Gareth Jones

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Gareth Jones

“WHAT times they were!' The old captain stopped on his slow morning walk from the house of his retirement, with the flagstaff in the garden, and looked at the port.

The hush which reigned there was to him like a ghostly dream of death. Was it not like those Near Eastern sea towns, ravaged by plague, which he had visited in his youth? Not a soul was walking along the quay, and, apart from one small yacht and three rowing boats, there were that morning no vessels either mid-stream or along-shore. Captain Jones shook his head mournfully. If only he could again see the port as it was when he went off to sea as a boy. Great days those! The quays throbbed with life. You could not go down there without meeting old friends, men who had roamed the seven seas, who had shouted Welsh songs in Buenos Aires cafes, had prayed in Welsh chapels in Patagonia, and had vaunted Welsh wrestling and boxing in low-down saloons in New York or San Francisco. You would not have come and stood lonely near the water’s edge had you come fifty years ago. You might have seen old Hughes, who sailed with you on your first voyage. That jolly fighter, Davies—a rare one with his fists—might be describing to a Caernarvonshire crowd of idlers how he’d struck down five negroes in New Orleans. Thomas—what a fine yarn Thomas could tell 1— might, perhaps, be home after a trip and narrating how he’d met a sea serpent striped like a zebra who played “Hen Wlad fy Nhadau” on a harp near the Equator. You might have come across Parry, whose drinking bouts were always followed by fits of religious fervour and a crescendo of heart­rending prayer. But that was nearly half a century ago, and now there was nobody to greet the old captain and the stillness was piercing.

In those days nearly all your friends went to sea. They even ran away from places like Llanrwst and Blaenau Festiniog and sailed on vessels where hardily a word of English—apart from the curses— was heard, and on some boats even the curses were Welsh. The boys of Caernarvon, of Pwllheli, of Portdinorwic, and of Portmadoc—did they hesitate and chop and change about their careers and wonder whether they would like to be bank clerks or commercial travellers ? No; they went to sea and did a man’s work. How easy it was to find a crew! And now a good young sailor from Caernarvonshire was rare. The old captain spat. He was disap­pointed in the younger generation of his county. Why, they all wanted to wear a collar and tie, push a pen, ride a motorcycle, and go to the cinema, instead of facing the hurricanes and clambering up the masts when the sleet cut your flesh.

Caernarvon and Pwllheli, Portmadoc and Port­dinorwic were rich in those days, and it was the sailor who made them rich. Today the sailors had gone and the Welsh coast towns existed for the flabby-handed English from the Midlands who could hardily tell fishing smack from a Transatlantic liner! Pah!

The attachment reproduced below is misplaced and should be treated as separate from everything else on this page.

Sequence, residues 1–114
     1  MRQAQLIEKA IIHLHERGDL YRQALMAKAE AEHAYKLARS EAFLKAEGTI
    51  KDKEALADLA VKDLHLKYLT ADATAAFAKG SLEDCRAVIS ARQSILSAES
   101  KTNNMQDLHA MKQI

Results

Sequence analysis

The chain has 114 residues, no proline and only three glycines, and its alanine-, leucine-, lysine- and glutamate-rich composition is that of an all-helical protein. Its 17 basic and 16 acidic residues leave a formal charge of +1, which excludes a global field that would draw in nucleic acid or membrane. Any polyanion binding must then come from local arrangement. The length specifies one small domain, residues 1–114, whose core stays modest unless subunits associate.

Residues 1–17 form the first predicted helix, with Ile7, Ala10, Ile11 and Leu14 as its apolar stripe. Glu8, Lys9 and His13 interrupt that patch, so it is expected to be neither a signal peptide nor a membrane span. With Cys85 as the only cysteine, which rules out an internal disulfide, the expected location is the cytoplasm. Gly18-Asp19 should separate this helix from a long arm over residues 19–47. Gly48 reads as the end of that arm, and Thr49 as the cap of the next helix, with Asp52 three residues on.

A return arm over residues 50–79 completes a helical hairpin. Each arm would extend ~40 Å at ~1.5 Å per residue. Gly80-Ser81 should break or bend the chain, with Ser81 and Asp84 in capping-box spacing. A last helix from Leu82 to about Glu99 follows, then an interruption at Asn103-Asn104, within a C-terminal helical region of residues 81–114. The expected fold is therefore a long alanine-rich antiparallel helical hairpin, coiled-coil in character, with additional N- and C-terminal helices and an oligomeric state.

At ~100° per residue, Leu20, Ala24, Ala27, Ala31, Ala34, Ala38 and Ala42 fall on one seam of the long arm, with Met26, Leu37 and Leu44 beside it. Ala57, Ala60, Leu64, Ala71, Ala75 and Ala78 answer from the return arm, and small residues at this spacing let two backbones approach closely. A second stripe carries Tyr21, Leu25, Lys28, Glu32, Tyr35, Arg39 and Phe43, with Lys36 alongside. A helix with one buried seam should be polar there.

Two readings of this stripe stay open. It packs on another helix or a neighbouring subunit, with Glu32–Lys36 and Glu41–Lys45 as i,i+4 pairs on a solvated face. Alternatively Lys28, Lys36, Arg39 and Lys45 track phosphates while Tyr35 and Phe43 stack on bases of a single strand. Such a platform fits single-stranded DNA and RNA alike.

The captain’s thoughts went back to the traditions of his county’s seamen. There was Captain Pritchard, of the “ Mauritania,” who was once on the brig “ Sybil Wynn.” There was Captain Jones, of the “ City of Melbourne,” who carried passengers to Australia for the gold rush. Great men those! Yes, Caernarvonshire could he proud of her sailors. And the old captain drew himself together. He thought of the training he had gone through and recalled the small sailing coasters on which they all went first to sea.

The old captain sat down and looked again at the port and, as if a miracle occurred, he saw vividly the scene of fifty years ago. The river was crowded with ketches and smacks loaded with slates. Five beautiful schooners were on the stocks all at the same time. Cattle were being loaded and a panicky lowing echoed down the quays. Everywhere there were sails, sails, sails. How busy the sail makers, the ship-builders, the stevedores, and the biscuit-makers must be, the captain reflected. Sailing vessels, two or three deep in the river, lined the quays, which were full of the finest slates in the world ready to be dispatched to America.

Another scene flashed before the captain’s eyes. He saw the coming of the first steamer into the port. It was a tragic day for those who loved the sailing vessel, and he could not help attributing the downfall of the Caernarvonshire ports to the arrival of that ugly steam-belching monster, so different from the graceful sailing vessels. But, he reflected, he was unfair, because it was really the railway which had dealt the greatest blow to Welsh sailors. He cursed the railway for carrying the slates and for robbing the sailors of their coastwise trade.

“But, chwarae teg, I must be fair,” thought the captain. A few auxiliary motor sailing ships were still taking slates to Ireland. All the cement which came to the port was carried by steamers, usually from London. Vessels also brought timber to Caernarvonshire and steamers still carried Welsh slates to England and to distant lands. All was not yet lost for the Caernarvonshire sailor.

With this consolation, the retired captain rose and slowly walked home to the house with the flagstaff in the garden.

 January 10th, 1934.

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